Thursday, February 9, 2012

Be My Friend, Not Just My Shopping Buddy

Stereotype: A widely held but fixed and oversimplified image or idea of a particular type of person or thing. (
One could argue that our society tends to oversimplify things. We like clear, concise, and compartmentalized ideas, people, groups, and communities, etc. Thus, stereotypes exist. And people subscribe to stereotypes because it’s easier to group people or things into more umbrella categories. Shallow us? Perhaps. But in reality, it’s just the natural, judgmental tendencies of humankind.
If you identify as someone who is ethnically, racially, sexually, or religiously a minority (or some combination of these), there is likely a stereotype for you. Lucky me, I’ve had many stereotypes associated with me over the years, but most recently, of course, there is the fact that I am gay. And that’s what I wanted to dedicate this blog posting to.
You know, just because I came out of the closet and am now openly gay does not mean that I know all of Lady Gaga’s Lyrics, or that I am obsessed with RENT, or that I am a good shopper, or that I “should know these things” about fashion, or that I am up for sale as a gay best friend. Those of you who have thought this or spoken to me about this, don’t worry – you have done absolutely nothing wrong!! Our society has created these stereotypes and you have subscribed to something that is very broadly expressed in our culture.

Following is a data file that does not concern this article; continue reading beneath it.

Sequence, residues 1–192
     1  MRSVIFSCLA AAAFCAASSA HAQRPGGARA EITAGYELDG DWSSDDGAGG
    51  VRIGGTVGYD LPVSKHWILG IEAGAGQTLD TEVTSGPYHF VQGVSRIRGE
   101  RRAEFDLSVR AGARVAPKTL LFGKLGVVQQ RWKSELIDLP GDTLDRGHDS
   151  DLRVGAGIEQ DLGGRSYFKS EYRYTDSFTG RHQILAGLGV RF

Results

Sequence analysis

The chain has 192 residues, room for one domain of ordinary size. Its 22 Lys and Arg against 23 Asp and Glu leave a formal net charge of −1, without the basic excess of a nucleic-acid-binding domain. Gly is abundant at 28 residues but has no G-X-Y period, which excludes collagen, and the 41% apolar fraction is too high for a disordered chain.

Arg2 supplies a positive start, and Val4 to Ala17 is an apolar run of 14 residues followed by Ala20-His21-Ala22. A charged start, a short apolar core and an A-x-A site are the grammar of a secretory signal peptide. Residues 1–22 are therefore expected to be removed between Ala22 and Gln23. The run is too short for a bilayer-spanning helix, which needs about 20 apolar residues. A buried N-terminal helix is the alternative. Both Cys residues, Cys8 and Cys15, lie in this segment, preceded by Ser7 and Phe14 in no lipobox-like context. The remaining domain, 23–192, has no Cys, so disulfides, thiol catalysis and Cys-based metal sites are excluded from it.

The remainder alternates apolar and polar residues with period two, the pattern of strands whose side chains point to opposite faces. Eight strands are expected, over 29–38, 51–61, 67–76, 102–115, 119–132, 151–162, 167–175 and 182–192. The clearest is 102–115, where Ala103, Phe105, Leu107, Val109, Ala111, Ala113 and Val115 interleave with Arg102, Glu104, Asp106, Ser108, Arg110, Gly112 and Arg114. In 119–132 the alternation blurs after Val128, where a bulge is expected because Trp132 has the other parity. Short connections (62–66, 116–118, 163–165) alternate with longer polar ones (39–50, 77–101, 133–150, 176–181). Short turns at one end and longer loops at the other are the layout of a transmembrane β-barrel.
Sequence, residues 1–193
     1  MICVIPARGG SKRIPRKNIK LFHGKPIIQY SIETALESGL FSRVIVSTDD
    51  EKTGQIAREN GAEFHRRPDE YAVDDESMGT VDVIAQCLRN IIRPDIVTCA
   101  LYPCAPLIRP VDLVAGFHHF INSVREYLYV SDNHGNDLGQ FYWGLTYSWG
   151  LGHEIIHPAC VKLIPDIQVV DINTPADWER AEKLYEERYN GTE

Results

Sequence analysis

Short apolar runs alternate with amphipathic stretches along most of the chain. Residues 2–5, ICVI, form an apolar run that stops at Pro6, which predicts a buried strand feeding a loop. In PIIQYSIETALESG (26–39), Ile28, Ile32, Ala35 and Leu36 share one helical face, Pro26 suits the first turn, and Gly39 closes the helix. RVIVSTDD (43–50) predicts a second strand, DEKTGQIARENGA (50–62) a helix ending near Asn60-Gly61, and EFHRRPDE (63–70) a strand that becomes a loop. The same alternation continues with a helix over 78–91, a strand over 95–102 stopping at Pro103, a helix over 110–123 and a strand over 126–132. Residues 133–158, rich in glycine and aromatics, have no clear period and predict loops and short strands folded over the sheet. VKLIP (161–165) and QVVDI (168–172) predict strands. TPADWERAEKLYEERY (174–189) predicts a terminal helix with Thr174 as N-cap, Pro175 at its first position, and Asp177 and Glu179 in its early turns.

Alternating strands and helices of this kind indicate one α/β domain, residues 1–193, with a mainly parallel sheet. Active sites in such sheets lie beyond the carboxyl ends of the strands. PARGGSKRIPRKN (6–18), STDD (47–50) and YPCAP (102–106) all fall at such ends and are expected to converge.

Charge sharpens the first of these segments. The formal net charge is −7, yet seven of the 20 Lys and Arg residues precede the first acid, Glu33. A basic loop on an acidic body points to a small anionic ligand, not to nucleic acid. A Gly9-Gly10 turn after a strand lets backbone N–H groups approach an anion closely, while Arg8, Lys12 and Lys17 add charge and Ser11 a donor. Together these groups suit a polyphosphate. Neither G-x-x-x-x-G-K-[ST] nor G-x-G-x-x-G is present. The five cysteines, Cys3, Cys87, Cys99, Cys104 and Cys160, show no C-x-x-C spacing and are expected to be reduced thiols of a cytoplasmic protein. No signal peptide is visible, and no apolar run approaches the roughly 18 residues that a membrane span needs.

However, I urge to look past these stereotypes just for a minute. I am more than just the stereotypical gay man and many of my true friends can tell you that. In fact, many gays lack the stereotypical labels that our culture has created for us. If those girls who just see us a gay best friends, or a shopping buddy, or someone to get fashion advice from actually got to know us and treated us like everyone else, maybe those girls could see past the stereotypes, past the negative labeling, and become true allies (True Allies!) of us gay individuals. True allies are great. They make no distinction between their straight and gay friends. And those are the individuals that don’t subscribe to stereotypes. They are rare, but they are great.
So, no. I don’t like froyo. I don’t even know who Liz Lemons is. And I have yet to have a “Wednesday Girls Night Out.” But I hope you ladies have fun. Maybe I can do your makeup before you leave? Just kidding.
This video is very humorous, but reflects this posting quite accurately: